Borrelia burgdorferi, the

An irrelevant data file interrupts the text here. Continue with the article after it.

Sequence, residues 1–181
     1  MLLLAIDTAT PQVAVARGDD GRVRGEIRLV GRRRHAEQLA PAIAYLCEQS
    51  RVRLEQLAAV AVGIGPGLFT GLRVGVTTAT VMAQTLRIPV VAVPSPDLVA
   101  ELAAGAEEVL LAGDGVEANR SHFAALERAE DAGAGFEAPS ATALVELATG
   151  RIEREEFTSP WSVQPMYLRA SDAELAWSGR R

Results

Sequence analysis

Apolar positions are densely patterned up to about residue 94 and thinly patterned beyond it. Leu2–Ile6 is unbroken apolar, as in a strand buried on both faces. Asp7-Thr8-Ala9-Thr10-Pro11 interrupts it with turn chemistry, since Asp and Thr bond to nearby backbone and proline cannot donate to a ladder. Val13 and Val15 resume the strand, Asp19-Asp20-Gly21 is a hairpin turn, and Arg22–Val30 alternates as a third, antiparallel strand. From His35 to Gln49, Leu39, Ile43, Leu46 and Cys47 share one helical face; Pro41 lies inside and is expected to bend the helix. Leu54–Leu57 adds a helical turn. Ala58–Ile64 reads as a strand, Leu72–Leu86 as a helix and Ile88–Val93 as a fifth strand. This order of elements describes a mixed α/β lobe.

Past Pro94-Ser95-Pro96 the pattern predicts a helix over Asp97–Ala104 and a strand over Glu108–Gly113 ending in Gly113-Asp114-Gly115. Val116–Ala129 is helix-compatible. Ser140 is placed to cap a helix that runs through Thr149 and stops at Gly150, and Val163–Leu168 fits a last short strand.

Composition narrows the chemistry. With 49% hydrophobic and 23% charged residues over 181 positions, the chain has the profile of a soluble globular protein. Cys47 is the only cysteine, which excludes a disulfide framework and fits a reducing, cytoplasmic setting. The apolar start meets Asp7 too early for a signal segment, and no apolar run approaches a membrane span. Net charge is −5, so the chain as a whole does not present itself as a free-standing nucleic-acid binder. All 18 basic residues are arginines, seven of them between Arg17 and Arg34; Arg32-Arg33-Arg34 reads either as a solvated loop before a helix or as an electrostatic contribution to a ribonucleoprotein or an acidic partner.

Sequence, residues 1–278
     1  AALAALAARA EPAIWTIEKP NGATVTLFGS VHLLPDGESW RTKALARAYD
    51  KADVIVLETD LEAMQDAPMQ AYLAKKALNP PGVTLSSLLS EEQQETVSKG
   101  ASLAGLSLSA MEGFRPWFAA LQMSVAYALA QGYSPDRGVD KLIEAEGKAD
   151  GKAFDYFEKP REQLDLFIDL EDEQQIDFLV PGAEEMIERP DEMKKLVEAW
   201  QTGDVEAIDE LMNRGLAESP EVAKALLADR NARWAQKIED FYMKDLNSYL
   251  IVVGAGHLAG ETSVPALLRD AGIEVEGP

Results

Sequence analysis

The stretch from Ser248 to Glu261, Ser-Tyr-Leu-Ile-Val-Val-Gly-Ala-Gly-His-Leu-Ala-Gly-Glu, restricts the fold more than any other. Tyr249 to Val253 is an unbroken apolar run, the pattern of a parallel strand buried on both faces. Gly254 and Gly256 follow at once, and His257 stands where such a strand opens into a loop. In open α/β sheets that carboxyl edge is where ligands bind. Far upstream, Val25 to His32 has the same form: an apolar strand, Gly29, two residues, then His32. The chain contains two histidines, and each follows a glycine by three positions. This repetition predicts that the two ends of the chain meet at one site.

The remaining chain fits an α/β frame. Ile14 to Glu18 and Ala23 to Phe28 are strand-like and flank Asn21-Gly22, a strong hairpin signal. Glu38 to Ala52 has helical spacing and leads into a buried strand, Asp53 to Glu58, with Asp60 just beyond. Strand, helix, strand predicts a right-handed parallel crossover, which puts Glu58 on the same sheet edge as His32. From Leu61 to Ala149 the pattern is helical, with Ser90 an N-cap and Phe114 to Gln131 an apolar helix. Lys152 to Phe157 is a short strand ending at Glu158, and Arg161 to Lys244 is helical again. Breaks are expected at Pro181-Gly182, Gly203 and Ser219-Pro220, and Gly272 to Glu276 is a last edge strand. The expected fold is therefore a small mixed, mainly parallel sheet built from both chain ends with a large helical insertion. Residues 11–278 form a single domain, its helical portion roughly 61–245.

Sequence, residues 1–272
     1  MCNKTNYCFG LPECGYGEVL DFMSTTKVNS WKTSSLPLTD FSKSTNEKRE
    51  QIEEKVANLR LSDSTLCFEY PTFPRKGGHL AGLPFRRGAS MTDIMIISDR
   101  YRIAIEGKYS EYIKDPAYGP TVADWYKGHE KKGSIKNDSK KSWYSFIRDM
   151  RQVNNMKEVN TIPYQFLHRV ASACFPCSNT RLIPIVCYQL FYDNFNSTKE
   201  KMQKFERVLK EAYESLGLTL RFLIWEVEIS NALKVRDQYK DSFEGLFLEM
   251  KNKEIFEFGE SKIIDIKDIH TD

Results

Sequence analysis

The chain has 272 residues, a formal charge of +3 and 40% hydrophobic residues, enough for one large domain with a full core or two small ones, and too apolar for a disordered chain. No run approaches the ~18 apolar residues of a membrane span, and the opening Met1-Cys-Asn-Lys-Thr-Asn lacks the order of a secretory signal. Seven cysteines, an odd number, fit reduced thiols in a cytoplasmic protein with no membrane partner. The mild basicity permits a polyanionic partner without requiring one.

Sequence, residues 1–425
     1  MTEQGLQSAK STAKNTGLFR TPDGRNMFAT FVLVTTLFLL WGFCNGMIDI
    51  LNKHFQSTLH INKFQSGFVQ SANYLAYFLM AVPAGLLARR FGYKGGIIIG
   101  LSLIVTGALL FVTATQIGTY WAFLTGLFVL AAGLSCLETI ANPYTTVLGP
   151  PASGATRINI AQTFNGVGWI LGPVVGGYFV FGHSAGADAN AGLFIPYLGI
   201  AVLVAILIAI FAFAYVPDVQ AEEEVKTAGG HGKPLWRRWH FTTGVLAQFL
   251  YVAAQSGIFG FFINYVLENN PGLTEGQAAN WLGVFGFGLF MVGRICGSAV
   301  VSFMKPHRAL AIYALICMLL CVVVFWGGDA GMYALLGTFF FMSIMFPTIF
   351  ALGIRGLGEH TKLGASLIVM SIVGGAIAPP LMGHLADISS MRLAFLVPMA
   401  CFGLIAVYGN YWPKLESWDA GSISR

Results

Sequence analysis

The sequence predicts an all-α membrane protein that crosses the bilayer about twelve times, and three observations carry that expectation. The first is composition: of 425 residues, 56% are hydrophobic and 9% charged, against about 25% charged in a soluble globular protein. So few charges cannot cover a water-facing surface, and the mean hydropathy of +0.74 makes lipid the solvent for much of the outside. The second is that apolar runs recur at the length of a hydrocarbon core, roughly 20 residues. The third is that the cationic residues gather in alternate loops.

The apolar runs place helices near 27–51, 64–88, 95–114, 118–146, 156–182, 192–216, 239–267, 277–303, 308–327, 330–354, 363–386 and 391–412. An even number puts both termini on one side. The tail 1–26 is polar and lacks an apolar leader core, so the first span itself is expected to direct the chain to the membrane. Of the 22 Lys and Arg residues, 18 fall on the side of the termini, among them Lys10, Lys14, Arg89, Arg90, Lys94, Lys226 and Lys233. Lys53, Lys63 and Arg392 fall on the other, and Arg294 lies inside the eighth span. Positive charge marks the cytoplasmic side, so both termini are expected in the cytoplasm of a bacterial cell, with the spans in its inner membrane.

Lyme disease spirochete, has a genome comprised of a linear chromosome and up to 21 plasmids. Loss of plasmids is associated with decreased infectivity and pathogenicity. Sixteen transformants were generated by transforming the noninfectious clone 5A13 with the recombinant plasmid pBBE22. The transformants were classified into nine groups based on plasmid content analysis. An infectivity study revealed that all nine transformants examined, each of which represented one of the plasmid patterns, were infectious in mice with severe combined immunodeficiency (SCID) regardless of their genomic compositions. Tissue bacterial quantification revealed that the loss of plasmids significantly reduced the spirochete burden in the heart and joint tissues, not in the skin, suggesting virulence factors may be tissue specific. Four transformants containing lp28-1 induced severe arthritis in SCID mice, in contrast to the five transformants lacking lp28-1. These pathogenicity studies associated lp28-1 with an arthritic phenotype and further studies may identify factors that contribute to arthritic pathology.